So here I am, late to the party again - I want to talk about something that happened several weeks ago. And, as usual, I want to go off on a random tangent. So let's start with a few quick background paragraphs, then move onto my actual point.

Tuesday 8 November 2011

Links roundup

Lashings of Ginger BeerPosted by Lashings of Ginger Beer

Lashings of links.

Trans etiquette 101  - a post about how and when to ask trans people questions about themselves

Gay is the word - a short video about the implications of using the word "gay" as an insult

A message to women from a man: you are not "crazy" If you can get past the rather patronising title (do women need a man to tell them this? Really?) the content of this article in the Huffington Post is actually very good.

Meet-up for poly women in London

Edited to add:
Paris Lees, of Trans Media Watch, writes about a new Channel 4 documentary on trans people. "My Transsexual Summer" starts tonight at 10pm.

Thursday 3 November 2011

Academic roundup

Lashings of Ginger BeerPosted by Lashings of Ginger Beer

Information for students and academics in the fields of gender and sexuality.

Lecture: Hard, Bold, and Wicked: Masculinity and Liminality in Lewis and Tolkien.
7 November, 5:15
Seminar Room A of the English Faculty Building, Oxford University (directions)
Dr Anna Caughey, College Lecturer in Old and Middle English, Keble College
"In Lewis’ Chronicles of Narnia and Tolkien’s The Hobbit and The Lord of the Rings, the boundaries between adult and child identities are at once blurred and reinforced. Childhood, and boyhood in particular, is presented as a state that can be both transcended and retreated to when necessary, while full physical/social adulthood is generally marginalised. Using Peter Hollindale’s theory of ‘childness’ as a base, this paper examines the ways in which both texts use their fantasy settings to provide younger readers with access to material that emphasises the capability and autonomy of child/child-substitute protagonists while privileging the state of childhood."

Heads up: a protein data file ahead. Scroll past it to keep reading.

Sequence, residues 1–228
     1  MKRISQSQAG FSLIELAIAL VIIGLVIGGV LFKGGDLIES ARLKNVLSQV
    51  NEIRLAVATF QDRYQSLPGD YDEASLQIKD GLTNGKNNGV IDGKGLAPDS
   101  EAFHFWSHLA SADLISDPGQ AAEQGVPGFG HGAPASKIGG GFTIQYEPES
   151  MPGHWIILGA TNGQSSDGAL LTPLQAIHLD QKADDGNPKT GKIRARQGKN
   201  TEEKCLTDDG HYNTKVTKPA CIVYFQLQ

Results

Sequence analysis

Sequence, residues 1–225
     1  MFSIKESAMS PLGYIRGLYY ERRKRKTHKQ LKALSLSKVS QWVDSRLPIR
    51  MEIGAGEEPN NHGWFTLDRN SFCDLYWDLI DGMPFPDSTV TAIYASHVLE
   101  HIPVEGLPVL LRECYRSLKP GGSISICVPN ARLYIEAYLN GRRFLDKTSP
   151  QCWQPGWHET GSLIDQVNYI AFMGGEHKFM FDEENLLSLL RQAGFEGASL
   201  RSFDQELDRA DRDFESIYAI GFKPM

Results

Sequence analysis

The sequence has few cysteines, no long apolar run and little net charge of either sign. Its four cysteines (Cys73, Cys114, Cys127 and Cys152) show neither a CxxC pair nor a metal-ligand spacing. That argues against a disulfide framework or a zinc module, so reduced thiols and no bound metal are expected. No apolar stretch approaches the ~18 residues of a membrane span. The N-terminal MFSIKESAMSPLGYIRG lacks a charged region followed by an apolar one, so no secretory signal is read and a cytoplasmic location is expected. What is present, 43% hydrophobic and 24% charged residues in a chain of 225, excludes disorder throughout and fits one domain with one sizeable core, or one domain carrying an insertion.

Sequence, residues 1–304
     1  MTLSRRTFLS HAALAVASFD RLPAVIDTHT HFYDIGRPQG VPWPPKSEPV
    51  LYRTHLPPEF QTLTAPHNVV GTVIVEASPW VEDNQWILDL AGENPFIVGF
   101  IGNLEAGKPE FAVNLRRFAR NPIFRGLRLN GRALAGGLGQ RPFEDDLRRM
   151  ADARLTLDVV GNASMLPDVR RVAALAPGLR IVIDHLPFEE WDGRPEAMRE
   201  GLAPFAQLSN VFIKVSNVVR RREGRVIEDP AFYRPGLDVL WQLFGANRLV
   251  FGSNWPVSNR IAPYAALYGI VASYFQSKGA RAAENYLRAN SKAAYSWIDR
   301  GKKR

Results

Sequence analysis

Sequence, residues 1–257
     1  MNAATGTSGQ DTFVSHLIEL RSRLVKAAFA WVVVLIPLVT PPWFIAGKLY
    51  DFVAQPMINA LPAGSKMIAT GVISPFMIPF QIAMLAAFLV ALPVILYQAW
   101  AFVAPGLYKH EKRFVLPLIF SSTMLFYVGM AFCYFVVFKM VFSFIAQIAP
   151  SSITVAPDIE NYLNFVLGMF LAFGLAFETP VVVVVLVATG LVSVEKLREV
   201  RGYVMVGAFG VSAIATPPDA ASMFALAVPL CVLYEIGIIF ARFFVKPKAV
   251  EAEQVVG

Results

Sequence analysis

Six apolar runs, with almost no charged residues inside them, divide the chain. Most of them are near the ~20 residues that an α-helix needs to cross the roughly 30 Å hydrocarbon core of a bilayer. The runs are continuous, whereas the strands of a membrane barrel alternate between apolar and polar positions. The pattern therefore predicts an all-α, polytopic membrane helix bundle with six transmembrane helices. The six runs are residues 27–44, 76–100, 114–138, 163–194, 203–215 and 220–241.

Conference and call for papers: Lesbian Lives
Friday 17 – Saturday 18 February 2012
University College Dublin (UCD), Ireland
"The Lesbian Lives Conference is not just the world’s only annual academic conference in Lesbian Studies, it is now a large international event that draws speakers and participants from all continents and hosts the best-known as well as emerging scholars in the field. The conference gathers together academics, activists, performers and writers who do not otherwise have the opportunity to address such large audiences or to network across international and professional boundaries. It is also a forum for political organisation on the levels of both community activism and established international NGOs."

Symposium and call for papers: Going Underground? Gender and Subcultures
7th September 2012
University of Northumbria
"Research of girls and women’s subcultural productions and engagements from queer, feminist and transgender scholars (e.g. Jack Halberstam, Doreen Piano, Susan Driver, Elizabeth K Keenan, Mary Celeste Kearney and Kath Browne) carve out a new territory for understanding the ‘subcultural’. Given this reevaluation, it is timely to re-engage with how ‘subcultural’ genders (both femininities and masculinities) are represented in alternative society and discuss how far this can be politically subversive. For instance, the revival, nostalgia and popularity of rockabilly style, burlesque, roller derby, Slutwalks, Ladyfests, fanzine/blogging networks, Suicide Girls, Guerrilla Girls, riot grrrl and the participation of girls in underground music cultures all point to the need for an academic engagement with strategies of cultural resistance to dominant identities and norms."

Tuesday 1 November 2011

Links roundup

Lashings of Ginger BeerPosted by Lashings of Ginger Beer

Things that have caught our attention on the interwebs this week.

Aoife O'Riordan on how Tim Minchin removed his foot from his mouth:
This Is How You Do It: words, privilege, and the stuff you don’t know.

Doctor Carmilla, our erstwhile tech goddess, has made her album Ageha available for download, for whatever price you can afford to pay.

Megan Christopher discusses asexual representations in pop culture

Gay pirates! AfterElton interviews Cosmo Jarvis about his song that tells the story of two pirates in love.

Postcard campaign about biphobia